The growing incidence of obesity and NAFLD, in fact, is related to changes in food habits and sedentary lifestyles, especially during the SARS-CoV-2 pandemic [10].
According to Centers for Disease Control and Prevention (CDC) data, the highest prevalence of overweight and obesity is reported among teenagers aged 12–19 years (21.2%), (prevalence of 20.3% and 13.4% among 6–11-year-olds and 2–5-year-olds, respectively). In 2020, there were 39 million children under the age of 5 who were overweight or obese [11].
The global prevalence of NAFLD in the pediatric population has doubled in the last 20 years [12], with a global prevalence of 10%, 17% in teenagers, and 3% in 5–9-year-old children [1].
Obesity is the major cause of NAFLD. In fact, there is an increased prevalence rate of 20.23% in overweight and 38.47% in obese children and adolescents [13].
A meta-analysis by Anderson et al. highlighted that the prevalence of NAFLD in obese children was 34.2%, while in the general pediatric population was 7,6% [9].
Epidemiological data of MAFLD and NAFLD are not unique.
In some studies, the prevalence of MAFLD is 3–7% among children and adolescents [14,15].
MAFLD prevalence is 45% in child obesity clinics and 34% among overweight and obese children and adolescents (between 1 and 19 years) [14]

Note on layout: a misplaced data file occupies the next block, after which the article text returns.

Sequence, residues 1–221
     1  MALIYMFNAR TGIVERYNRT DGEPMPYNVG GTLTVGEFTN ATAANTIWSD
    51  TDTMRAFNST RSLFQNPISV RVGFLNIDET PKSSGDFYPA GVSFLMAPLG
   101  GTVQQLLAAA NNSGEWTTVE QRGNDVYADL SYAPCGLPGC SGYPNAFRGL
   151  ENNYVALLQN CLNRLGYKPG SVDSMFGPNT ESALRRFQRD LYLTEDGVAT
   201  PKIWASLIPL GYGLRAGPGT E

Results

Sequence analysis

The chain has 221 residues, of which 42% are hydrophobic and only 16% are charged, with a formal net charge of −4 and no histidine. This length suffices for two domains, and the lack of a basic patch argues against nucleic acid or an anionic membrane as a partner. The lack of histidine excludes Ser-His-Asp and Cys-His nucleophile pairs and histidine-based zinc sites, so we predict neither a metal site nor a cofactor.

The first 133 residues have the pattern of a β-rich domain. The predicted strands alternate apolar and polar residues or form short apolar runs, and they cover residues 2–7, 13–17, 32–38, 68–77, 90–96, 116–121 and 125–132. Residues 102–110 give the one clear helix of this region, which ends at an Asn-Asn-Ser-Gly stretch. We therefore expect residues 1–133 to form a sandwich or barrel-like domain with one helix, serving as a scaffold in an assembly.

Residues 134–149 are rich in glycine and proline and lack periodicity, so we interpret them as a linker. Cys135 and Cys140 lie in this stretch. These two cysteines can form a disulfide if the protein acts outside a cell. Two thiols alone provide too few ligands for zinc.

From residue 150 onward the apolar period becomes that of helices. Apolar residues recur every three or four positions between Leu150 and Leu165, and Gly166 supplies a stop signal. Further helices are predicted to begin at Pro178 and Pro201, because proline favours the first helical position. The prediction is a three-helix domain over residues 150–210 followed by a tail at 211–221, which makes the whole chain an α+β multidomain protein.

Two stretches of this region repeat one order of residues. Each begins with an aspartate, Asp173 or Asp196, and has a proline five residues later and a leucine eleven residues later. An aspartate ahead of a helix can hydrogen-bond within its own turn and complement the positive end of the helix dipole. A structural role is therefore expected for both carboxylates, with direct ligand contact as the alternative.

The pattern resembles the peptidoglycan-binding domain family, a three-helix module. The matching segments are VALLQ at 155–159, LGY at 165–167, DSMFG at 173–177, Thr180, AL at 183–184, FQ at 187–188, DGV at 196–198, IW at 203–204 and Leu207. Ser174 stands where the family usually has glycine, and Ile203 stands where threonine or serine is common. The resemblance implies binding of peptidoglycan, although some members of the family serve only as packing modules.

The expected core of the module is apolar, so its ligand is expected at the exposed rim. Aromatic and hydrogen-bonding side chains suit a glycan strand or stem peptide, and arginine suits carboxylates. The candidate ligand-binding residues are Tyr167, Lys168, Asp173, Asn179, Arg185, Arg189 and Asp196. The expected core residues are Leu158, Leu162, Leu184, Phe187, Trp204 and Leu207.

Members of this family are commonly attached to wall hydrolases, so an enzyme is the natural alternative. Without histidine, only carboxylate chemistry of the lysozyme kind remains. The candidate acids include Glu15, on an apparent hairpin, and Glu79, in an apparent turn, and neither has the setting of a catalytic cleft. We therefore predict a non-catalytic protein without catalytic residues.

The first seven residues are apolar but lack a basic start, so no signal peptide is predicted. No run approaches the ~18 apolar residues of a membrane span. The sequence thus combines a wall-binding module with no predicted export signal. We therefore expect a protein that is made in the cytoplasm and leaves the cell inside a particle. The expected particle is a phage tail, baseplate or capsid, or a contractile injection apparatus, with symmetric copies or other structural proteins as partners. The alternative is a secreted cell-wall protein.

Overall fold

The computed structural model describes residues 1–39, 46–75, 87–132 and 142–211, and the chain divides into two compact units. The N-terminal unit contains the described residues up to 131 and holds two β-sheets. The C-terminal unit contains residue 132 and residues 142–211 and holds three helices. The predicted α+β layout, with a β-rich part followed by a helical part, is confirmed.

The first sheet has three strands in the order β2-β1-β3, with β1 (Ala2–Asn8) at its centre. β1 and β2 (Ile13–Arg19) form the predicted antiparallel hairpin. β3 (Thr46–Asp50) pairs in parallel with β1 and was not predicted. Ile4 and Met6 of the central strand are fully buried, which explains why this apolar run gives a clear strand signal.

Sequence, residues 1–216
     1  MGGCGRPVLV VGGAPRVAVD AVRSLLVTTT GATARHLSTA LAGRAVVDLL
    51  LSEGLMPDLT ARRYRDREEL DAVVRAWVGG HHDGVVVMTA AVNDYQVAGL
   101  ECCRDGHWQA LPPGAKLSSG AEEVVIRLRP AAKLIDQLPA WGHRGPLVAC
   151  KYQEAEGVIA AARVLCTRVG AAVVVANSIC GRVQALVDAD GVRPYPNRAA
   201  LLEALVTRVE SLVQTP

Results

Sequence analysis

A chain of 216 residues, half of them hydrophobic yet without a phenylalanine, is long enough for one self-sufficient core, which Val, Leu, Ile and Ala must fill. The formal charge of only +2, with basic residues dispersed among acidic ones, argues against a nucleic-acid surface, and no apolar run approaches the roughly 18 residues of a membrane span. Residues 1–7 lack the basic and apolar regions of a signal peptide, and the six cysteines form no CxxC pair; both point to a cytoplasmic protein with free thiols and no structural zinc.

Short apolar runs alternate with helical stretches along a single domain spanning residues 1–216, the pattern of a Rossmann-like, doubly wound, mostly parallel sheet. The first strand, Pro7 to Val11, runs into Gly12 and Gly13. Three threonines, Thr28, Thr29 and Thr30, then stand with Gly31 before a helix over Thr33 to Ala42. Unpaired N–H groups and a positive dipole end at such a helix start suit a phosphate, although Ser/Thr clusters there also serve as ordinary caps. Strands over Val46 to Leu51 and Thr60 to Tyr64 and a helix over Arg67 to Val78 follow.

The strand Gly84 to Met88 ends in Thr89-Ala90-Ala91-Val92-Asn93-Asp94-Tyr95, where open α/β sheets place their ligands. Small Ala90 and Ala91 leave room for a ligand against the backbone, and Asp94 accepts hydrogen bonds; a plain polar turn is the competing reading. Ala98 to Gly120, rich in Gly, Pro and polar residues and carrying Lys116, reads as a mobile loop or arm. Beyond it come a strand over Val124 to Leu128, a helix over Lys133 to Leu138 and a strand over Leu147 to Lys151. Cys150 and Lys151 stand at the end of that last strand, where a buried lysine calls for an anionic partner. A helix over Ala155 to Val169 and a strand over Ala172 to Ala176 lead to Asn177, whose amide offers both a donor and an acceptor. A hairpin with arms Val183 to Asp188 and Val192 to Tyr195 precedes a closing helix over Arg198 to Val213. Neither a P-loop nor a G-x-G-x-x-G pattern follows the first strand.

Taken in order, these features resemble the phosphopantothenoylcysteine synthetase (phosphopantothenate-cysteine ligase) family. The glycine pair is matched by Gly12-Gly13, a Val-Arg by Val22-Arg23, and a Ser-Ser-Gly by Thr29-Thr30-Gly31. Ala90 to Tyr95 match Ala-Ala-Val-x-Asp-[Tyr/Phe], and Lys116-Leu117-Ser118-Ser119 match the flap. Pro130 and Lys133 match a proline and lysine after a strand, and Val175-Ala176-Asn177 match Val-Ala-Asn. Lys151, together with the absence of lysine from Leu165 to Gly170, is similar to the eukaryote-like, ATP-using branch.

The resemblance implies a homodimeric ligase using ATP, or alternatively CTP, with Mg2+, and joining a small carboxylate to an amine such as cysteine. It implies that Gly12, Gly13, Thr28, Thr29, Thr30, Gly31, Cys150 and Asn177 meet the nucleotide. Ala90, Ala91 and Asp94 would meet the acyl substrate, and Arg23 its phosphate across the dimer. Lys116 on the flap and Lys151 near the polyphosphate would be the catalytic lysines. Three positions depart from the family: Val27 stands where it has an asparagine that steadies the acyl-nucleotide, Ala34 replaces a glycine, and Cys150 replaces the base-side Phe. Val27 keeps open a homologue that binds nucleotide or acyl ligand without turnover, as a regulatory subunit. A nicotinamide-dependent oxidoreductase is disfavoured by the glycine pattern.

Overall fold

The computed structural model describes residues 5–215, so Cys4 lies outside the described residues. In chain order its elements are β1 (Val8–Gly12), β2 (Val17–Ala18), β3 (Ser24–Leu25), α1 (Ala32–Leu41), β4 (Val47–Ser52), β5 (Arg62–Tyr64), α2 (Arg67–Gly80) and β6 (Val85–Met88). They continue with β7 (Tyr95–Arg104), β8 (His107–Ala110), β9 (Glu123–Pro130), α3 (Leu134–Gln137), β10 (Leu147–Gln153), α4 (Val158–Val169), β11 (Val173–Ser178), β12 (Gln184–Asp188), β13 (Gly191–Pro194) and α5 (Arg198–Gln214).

The incidence of MAFLD increased during the COVID-19 pandemic. In fact, quarantine measures and the closure of schools caused a reduction in physical activities and changes in food habits [15,16].
The prevalence of MAFLD is also influenced by ethnicity. In fact, white adolescents seem to be at higher risk than black adolescents. Geographical regions such as Central America and the Middle East have the highest prevalence of this disease [17,18].
The prevalence of MAFLD is twice as high in male children and adolescents than in females, according to data provided by the international literature. These results could be explained by different metabolic risk factors, adiposity, and body fat distribution [6,19].

3.2. Pathogenesis

MAFLD in children is believed to have a multifactorial origin, involving the intricate interplay of nutritional, hormonal, environmental, and genetic factors. In the context of obesity, hypertrophic adipose tissue releases pro-inflammatory cytokines, causing systemic insulin resistance [20]. Dysfunction in adipose tissue disrupts the balance of secreted adipokines, particularly leptin and adiponectin, which play pro- and anti-inflammatory roles, respectively [19]. In conjunction with intestinal dysbiosis and dietary intake, unregulated adipose tissue lipolysis results in elevated levels of free fatty acids. Consequently, there is a hepatic influx of free fatty acids, and hepatic de novo lipogenesis (DNL) further contributes to their accumulation, with subsequent options for oxidation, storage as triglycerides, or excretion via very low-density lipoprotein (VLDL) [20].
When the metabolic capacity of hepatocytes is surpassed, lipotoxicity occurs, and mitochondrial dysfunction triggers the excessive generation of ROS, while endoplasmic reticulum (ER) stress leads to the buildup of unfolded proteins. The cumulative effects expedite the progression to non-alcoholic steatohepatitis (NASH), characterized by hepatocyte inflammation, apoptosis, and fibrosis [19].